Everyone knows that we want a democratic system, which is one of [End Page 183] many political systems. The people have already indicated their preference for democracy as evidenced in the results of the 1990 general elections. Even before independence was gained, my father declared that democracy is the only system suitable for an independent country. Why is this a fact? A country is truly independent when its entire people truly enjoy freedom. No way can a country be said to be independent if its people are denied all their rights and have no security or freedom. What do we need then for this sort of country where people have no freedom or security and no personal rights? We need democracy. We have been saying this over and over again.
Democracy is not the perfect system. We humans too are not perfect. No political system is perfect. But learned political leaders have claimed that human beings are so equipped that they deserve democracy. The system has its weaknesses. These weaknesses of man can be controlled by a democratic system. It exercises control over those who govern the country. Government is composed of people, not angels. So there are controls in the democratic system, which act as a check on the people who govern the country. On the other hand, it is because of the strength of the people that the democratic system endures. Democracy will work if we embrace it and systematically put it into practice. . . .
Some have said that Burma is not fit for democracy. Others claim that democracy is not appropriate for the East. These comments are made and spoken by people who do not want to adhere to democratic principles because they want to withhold democracy from us. We are all human beings. Are we inferior to other people? Should we have less freedom than others? Those kinds of comments amount to denigrating us. What do they mean when they say that democracy is for the Western countries only?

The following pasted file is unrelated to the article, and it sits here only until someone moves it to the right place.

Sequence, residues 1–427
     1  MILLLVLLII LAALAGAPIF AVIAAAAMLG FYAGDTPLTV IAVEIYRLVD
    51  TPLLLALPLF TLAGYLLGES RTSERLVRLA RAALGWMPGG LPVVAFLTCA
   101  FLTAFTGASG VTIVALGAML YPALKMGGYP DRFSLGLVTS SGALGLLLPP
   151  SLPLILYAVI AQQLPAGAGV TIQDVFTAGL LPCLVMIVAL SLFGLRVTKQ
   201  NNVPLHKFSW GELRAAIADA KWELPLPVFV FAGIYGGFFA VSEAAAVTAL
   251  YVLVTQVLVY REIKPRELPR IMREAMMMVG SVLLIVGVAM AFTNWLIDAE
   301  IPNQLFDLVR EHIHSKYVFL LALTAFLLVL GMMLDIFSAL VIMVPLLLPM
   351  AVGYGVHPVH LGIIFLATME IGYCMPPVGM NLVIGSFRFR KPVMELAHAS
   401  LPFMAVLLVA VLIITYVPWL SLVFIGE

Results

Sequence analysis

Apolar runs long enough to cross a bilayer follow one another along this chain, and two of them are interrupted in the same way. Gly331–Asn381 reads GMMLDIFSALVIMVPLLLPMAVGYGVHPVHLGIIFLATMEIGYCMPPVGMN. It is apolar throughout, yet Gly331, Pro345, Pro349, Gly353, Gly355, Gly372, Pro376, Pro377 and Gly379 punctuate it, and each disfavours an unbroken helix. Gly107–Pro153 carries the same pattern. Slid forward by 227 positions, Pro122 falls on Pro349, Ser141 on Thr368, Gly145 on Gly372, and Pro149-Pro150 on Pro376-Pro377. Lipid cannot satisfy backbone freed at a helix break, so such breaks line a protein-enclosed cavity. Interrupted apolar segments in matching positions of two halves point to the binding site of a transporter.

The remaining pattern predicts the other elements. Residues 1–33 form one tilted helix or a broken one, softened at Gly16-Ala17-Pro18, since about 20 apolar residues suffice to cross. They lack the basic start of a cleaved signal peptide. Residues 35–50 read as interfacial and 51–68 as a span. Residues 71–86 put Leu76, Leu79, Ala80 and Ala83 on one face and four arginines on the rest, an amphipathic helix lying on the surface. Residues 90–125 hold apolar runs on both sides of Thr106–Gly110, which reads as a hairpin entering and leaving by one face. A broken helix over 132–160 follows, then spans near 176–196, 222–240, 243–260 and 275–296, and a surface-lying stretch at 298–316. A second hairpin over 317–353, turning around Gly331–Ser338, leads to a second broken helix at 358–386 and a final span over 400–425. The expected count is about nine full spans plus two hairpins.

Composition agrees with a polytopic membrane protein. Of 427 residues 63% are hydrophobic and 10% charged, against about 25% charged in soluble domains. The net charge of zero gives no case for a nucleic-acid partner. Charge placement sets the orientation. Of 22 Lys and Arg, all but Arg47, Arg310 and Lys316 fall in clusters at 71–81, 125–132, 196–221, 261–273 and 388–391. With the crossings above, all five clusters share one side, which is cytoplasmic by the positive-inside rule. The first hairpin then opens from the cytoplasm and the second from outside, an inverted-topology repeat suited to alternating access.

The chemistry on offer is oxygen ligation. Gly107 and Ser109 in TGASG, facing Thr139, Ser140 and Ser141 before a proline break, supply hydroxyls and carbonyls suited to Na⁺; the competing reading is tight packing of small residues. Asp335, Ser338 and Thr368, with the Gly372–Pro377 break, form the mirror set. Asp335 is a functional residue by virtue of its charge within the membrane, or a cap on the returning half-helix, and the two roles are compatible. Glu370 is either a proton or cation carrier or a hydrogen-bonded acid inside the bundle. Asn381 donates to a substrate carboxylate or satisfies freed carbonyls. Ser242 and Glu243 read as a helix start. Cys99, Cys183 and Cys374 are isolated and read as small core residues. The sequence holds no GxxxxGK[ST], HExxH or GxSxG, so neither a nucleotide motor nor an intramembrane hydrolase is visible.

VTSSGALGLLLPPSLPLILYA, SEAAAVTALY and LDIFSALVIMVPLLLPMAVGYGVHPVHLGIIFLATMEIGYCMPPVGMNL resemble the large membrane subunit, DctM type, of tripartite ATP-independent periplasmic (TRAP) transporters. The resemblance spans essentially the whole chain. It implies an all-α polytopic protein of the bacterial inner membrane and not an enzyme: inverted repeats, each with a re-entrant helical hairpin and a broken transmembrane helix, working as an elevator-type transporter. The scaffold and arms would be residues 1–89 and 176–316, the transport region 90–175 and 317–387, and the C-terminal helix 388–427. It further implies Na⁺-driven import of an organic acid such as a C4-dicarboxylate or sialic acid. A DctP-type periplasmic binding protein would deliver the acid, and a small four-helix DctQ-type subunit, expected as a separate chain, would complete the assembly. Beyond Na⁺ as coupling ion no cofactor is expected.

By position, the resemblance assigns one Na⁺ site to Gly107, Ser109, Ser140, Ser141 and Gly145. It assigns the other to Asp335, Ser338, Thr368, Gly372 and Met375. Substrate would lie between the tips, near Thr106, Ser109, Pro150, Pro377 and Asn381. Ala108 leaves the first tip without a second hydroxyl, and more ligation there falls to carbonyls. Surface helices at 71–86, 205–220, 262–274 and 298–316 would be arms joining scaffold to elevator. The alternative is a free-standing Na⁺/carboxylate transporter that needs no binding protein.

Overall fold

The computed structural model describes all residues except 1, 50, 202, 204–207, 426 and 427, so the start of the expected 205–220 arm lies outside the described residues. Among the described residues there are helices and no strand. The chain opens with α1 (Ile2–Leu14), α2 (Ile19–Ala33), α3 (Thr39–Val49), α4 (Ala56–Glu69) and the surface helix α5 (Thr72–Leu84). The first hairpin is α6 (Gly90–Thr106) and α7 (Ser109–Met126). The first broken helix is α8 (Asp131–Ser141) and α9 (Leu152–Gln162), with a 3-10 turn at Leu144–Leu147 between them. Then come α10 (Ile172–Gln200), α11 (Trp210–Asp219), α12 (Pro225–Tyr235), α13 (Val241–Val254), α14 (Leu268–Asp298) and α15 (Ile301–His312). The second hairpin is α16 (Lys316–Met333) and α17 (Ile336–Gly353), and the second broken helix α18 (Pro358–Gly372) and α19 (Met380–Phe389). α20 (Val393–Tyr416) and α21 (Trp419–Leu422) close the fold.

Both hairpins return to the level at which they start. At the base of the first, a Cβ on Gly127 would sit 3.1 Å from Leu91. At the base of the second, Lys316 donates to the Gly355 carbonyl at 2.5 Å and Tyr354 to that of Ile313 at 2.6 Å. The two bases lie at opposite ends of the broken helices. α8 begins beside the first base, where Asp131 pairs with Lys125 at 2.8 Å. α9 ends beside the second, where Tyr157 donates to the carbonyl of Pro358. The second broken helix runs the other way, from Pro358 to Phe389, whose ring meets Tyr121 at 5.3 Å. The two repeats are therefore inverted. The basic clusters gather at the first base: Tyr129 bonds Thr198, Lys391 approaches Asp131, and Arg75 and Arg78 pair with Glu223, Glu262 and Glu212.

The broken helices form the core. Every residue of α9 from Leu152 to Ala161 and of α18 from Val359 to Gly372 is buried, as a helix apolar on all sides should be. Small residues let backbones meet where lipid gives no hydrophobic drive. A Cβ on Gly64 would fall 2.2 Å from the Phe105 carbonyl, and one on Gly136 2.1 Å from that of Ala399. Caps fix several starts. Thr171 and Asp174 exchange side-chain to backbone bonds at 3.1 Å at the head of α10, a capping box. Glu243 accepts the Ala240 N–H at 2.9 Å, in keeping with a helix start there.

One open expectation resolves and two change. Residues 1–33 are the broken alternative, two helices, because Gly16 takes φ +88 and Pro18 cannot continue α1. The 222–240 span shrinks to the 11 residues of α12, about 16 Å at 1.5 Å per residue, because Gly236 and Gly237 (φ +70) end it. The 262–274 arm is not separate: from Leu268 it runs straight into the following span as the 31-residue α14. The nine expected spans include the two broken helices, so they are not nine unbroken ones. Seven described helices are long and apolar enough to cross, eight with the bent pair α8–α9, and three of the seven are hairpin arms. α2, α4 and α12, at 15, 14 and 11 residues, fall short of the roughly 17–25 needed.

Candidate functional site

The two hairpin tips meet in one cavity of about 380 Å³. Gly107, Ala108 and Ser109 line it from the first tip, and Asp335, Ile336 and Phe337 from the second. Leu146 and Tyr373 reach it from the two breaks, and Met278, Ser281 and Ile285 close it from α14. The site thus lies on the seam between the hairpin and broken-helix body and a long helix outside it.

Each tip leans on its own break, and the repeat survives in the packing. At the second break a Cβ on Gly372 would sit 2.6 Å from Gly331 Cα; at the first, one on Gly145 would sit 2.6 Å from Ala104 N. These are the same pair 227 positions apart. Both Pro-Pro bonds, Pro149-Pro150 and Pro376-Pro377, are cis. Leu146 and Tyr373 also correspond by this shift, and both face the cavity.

That is completely unacceptable to us. Our people have the necessary qualifications for democracy.
The First International Conference of the Arab Human Rights Movement was held in Casablanca on April 23–25 at the invitation of the Cairo Institute for Human Rights Studies, and hosted by the Moroccan Organization for Human Rights. The conference concluded by adopting the “Casablanca Declaration of the Arab Human Rights Movement,” excerpts from which appear below:
Responsibilities of the Arab Human Rights Movement:
1. Promoting the struggle for democracy and basing the general strategy of the movement on such a task. The Conference affirms that the aims of preserving the non-partisan nature of the movement and ensuring its independence from political parties do not exclude working [End Page 184] towards a constant dialogue between human rights organizations and all political parties. Such a dialogue should aim at cooperation to consolidate democratic transformation and respect for human rights, and to draft a code of minimum standards for the respect of human rights and democracy that takes into consideration the specific political and social context of every single country. . . .
4. Struggling for entrenching the values of human rights in the Arab and Islamic culture. This includes the following:
• Urging those Arab governments that did not ratify international human rights instruments to do so immediately and without reservations, and urging those that ratified them to lift their reservations, and to comply to the provisions of such instruments regarding the mechanisms of protection.
• Urging academics, researchers and religious scholars to shed light on the roots of human rights in the Arab culture, to exhibit the contribution of the Islamic civilization in establishing the values of human rights, and to dismantle the artificial contradictions between some human rights principles and some obsolete fundamentalist interpretations. Calling upon all Arab intellectuals and politicians to refrain from entangling Islam in a confrontation with human rights, and to consider those rights provided by international human rights law as a minimum to build upon and not to seek to reduce or call for their violation in the name of specificity or any other pretext.